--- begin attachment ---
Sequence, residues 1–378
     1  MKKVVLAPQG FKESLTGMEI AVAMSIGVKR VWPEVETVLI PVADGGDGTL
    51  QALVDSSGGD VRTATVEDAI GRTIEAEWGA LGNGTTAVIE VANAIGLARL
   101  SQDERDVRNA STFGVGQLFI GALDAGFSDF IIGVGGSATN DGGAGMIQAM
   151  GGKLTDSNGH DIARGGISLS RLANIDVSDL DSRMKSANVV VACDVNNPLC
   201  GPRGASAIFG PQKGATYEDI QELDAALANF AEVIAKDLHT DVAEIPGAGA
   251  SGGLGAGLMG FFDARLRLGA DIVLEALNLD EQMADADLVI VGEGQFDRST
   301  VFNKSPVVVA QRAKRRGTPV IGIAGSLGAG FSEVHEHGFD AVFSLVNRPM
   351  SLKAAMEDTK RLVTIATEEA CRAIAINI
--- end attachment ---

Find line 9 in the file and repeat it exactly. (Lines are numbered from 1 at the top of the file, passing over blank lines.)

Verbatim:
   351  SLKAAMEDTK RLVTIATEEA CRAIAINI